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Once upon a time, in some out of the way corner of that universe which is dispersed
into numberless twinkling solar systems, there was a star upon which clever beasts
invented knowing. That was the most arrogant and mendacious minute of "world
history," but nevertheless, it was only a minute.
Clever beasts that invented knowing are those who “followed the philosopher
out of the cave”. It’s the most arrogant moment in “”””world history””””
because our lived experience is real where as the forms are not real. The idea is
that we are deceiving ourselves by denying ourselves. He considers following
the philosopher out of the cave to be an invitation to die, metaphorically,
because we are favoring that which is static (the forms, concepts) over that
which is dynamic (the body, our lived experiences).

After nature had drawn a few breaths, the star cooled and congealed, and the clever
beasts had to die.
Here Nietzsche is pointing out how the world is not designed for humans, it
will eventually end. Existence is suffering. Everything we do will fail, our
children will die, we will die.

One might invent such a fable, and yet he still would not have adequately illustrated
how miserable, how shadowy and transient, how aimless and arbitrary the human
intellect looks within nature. There were eternities during which it did not exist. And
when it is all over with the human intellect, nothing will have happened. For this
intellect has no additional mission which would lead it beyond human life. Rather, it
is human, and only its possessor and begetter takes it so solemnly-as though the
world's axis turned within it. But if we could communicate with the gnat, we would
learn that he likewise flies through the air with the same solemnity, that he feels the
flying center of the universe within himself. There is nothing so reprehensible and
unimportant in nature that it would not immediately swell up like a balloon at the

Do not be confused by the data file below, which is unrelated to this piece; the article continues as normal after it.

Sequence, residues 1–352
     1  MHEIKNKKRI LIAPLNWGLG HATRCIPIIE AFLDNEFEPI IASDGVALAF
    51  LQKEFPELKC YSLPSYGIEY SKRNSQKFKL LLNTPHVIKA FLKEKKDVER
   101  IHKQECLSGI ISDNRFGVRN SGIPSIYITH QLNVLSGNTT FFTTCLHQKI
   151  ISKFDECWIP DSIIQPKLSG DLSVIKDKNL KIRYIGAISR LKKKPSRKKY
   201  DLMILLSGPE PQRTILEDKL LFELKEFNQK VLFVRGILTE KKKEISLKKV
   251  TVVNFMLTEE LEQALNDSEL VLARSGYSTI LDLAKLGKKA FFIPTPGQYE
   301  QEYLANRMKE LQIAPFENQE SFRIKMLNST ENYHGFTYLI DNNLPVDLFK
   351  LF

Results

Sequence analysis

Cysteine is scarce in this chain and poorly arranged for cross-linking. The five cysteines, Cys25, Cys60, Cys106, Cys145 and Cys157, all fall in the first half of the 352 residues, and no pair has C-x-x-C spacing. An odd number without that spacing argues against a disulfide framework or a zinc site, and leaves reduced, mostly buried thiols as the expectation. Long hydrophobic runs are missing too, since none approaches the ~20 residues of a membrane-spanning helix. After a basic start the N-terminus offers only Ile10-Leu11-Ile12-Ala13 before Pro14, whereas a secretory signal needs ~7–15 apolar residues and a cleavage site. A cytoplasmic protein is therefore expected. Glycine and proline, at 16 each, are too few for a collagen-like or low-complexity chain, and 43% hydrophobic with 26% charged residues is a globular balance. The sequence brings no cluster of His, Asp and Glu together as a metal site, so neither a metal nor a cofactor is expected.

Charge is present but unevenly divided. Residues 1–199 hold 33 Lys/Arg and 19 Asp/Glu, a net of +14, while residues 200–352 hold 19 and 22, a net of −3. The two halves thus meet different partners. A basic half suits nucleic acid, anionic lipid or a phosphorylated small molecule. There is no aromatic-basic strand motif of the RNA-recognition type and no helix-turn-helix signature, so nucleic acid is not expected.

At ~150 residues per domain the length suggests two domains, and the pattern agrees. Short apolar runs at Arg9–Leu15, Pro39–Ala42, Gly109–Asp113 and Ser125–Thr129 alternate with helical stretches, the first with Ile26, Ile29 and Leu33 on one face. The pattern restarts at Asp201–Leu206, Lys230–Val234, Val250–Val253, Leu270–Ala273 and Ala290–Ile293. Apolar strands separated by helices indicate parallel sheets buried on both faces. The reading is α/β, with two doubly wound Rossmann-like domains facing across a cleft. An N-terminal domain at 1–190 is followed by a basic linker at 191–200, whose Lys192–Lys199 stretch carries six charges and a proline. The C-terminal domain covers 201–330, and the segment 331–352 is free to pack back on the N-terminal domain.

slightest puff of this power of knowing. And just as every porter wants to have an
admirer, so even the proudest of men, the philosopher, supposes that he sees on all
sides the eyes of the universe telescopically focused upon his action and thought.
It is remarkable that this was brought about by the intellect, which was certainly
allotted to these most unfortunate, delicate, and ephemeral beings merely as a device
for detaining them a minute within existence. For without this addition they would
have every reason to flee this existence as quickly as Lessing's son. The pride

connected with knowing and sensing lies like a blinding fog over the eyes and senses
of men, thus deceiving them concerning the value of existence. For this pride contains
within itself the most flattering estimation of the value of knowing. Deception is the
most general effect of such pride, but even its most particular effects contain within
themselves something of the same deceitful character.
As a means for the preserving of the individual, the intellect unfolds its principle
powers in dissimulation, which is the means by which weaker, less robust individuals
preserve themselves-since they have been denied the chance to wage the battle for
existence with horns or with the sharp teeth of beasts of prey, This art of dissimulation
reaches its peak in man. Deception, flattering, lying, deluding, talking behind the
back, putting up a false front, living in borrowed splendor, wearing a mask, hiding
behind convention, playing a role for others and for oneself-in short, a continuous
fluttering around the solitary flame of vanity-is so much the rule and the law among
men that there is almost nothing which is less comprehensible than how an honest and
pure drive for truth could have arisen among them.
Due to people denying ‘the cave’ or shadows (the body, our lived